By Lori Midson
By Cafe Society
By Cafe Society
By Lori Midson
By Mark Antonation
By Nathalia Velez
By Jonathan Shikes
By Alex Brown
And those hours are short. Tom's serves Monday through Friday only, from 11 a.m. until 3 p.m. or "until the food runs out, whichever comes first," as Unterwagner's voice reveals cheerfully on the eatery's answering machine, which is updated daily with that day's dining options. The bargain $6.45 "Meat and Two" meal includes your choice from a half-dozen entrees, two out of eight possible sides, a drink and a baked item -- either warm, moist cornbread (which comes plain or with jalapeños) or a floury dinner roll.
Everything at Tom's is homemade, with one exception: the green beans. "We use canned, but we doctor 'em up," Unterwagner admits. "That was the only concession we made because of time and energy." But the small staff -- just the owners and a couple of prep guys -- laboring in the teeny kitchen can be forgiven, considering that they peel and mash forty to fifty pounds of potatoes a day, steep twenty gallons of tea, bake a dense Coca-Cola cake whose recipe resides in a 1920s cookbook, and make such meat-falling-off-the-bones chicken and perfect puffy-fluffy dumplings that you'll think your granny is being held hostage in the back.
Most of Tom's business is takeout, and the line that starts forming early looks like a cross-section of this country: important business types on cell phones, strutting gang members, gals out for a get-together, families, steroid-pumped jocks, and a few folks from the neighborhood who pay with pennies and eat every crumb. Unterwagner takes the orders and packs the main courses -- even for those eating in at one of the few tables -- into styrofoam boxes, while Jankousky boxes desserts and collects the money (cash only: no checks, no credit cards). They won't take tips -- "We're the owners," Jankousky always says. "You can tip us by coming back" -- and they've been known to hand out extra pieces of cornbread or a ladle or two of candied yam juice just for the asking. Drinks are self-serve, and fair warning: Two glasses of the sweet tea may send the uninitiated into insulin shock. "When you order iced tea in the South, this is what you get," says Unterwagner. "Caffeine and sugar: That's what it's all about."
800 E. 26th Ave.
Denver, CO 80205
Region: Downtown Denver
Meat and Two: $6.45
Sides: $2 each
Desserts: $2.25 each
But it just so happens that the sweet tea proved the ideal beverage for washing down a heapin' helpin' of fried chicken, three pieces (one white, two dark) deep-fried so that the crackly coating on the outside took on a dark tan while the inside stayed soft and juicy. Tom's fabulous catfish sported another thick shell, this one a cornmeal crust with a faint pepper bite that had sealed around the fish so tightly that the flesh was steamed rather than fried. The catfish, which is always available, isn't offered with Tom's Meat and Two meal, but there were plenty of other worthy options. Tom's Yankee-style pot roast was made from chuck, which produces the juiciest, most flavorful version of this slow-cooked meat; it came with potatoes turned beige from the meat's juices and tender carrots, cutely cut on the diagonal. The barbecued brisket drenched thin slices of meat in a not-too-sweet sauce that had just enough kick to keep things interesting without overpowering the beef flavor.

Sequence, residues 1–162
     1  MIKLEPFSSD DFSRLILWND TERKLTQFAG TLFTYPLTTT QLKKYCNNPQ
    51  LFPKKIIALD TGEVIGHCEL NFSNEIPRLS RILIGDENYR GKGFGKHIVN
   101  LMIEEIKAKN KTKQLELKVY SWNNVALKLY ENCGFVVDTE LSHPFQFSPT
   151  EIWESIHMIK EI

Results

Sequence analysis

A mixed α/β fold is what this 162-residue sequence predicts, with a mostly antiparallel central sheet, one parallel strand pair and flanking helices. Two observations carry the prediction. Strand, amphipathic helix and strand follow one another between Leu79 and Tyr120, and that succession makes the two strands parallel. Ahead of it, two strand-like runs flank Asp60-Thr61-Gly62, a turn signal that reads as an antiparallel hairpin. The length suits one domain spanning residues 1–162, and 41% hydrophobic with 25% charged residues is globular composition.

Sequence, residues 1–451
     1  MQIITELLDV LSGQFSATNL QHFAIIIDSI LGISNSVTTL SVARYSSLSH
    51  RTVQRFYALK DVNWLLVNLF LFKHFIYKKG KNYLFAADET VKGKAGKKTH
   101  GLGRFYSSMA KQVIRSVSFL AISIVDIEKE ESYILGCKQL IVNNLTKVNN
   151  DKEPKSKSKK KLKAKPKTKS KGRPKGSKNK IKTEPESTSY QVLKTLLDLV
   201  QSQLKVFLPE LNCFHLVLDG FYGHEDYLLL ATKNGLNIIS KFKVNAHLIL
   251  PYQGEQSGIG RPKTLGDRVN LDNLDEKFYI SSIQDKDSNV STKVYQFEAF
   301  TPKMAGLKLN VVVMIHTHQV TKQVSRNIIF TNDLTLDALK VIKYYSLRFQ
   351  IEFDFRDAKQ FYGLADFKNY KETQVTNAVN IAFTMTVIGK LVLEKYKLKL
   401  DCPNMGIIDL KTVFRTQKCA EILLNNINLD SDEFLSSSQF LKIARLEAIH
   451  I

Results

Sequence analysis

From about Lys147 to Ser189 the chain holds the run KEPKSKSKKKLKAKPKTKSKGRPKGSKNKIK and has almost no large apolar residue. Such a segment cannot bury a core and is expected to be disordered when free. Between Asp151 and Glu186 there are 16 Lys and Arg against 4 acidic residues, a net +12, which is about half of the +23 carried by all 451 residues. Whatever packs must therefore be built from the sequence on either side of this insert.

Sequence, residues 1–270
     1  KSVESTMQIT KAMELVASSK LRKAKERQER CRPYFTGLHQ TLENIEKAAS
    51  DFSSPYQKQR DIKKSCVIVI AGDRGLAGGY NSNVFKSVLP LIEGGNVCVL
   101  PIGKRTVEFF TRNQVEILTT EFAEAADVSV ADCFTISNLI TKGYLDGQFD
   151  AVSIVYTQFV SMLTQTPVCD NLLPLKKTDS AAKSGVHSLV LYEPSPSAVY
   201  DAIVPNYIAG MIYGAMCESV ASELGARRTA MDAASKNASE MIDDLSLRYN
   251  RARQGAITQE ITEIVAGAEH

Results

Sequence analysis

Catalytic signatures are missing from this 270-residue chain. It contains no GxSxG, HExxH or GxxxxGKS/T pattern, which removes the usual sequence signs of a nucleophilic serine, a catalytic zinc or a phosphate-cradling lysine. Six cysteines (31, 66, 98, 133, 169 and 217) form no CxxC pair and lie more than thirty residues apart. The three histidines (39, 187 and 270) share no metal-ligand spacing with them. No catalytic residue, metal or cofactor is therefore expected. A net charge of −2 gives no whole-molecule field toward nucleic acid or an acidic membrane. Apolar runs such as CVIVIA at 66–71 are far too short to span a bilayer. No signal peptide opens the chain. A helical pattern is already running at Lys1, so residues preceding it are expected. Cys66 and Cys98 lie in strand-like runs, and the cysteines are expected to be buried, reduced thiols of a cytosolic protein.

You could make a meal out of Tom's side dishes alone. On my visits, the comforting choices have included buttery collard greens, freshly candied yams syrupy with brown sugar and cinnamon, acorn squash studded with pecans, and peach cobbler made from fresh fruit and so much sugar that the fruit had almost caramelized inside the pie-crusty shell. And then, of course, there were those mashed potatoes, the real thing, with brown gravy smothering a mound of creamy goodness studded with bitty chunks of spud.
One of America's favorite comfort foods is macaroni and cheese, reportedly first served in this country by Thomas Jefferson -- not Kraft -- after he brought a macaroni mold back from Paris. (Kraft introduced its version in 1937 and today sells a million boxes of the instant stuff daily.) The dish was a specialty in the South more than a hundred years ago, and Tom's continues the tradition with a Southern-accented mac and cheese that's many levels above Kraft without being snooty about it: plenty of noodles, plenty of cheese (tasted like a combo of Velveeta and cheddar), and a bit of a browned gratin topping.
I'd call that macaroni, all right. This is one Yankee who'll do just dandy through these tough times as long as Tom's is cooking.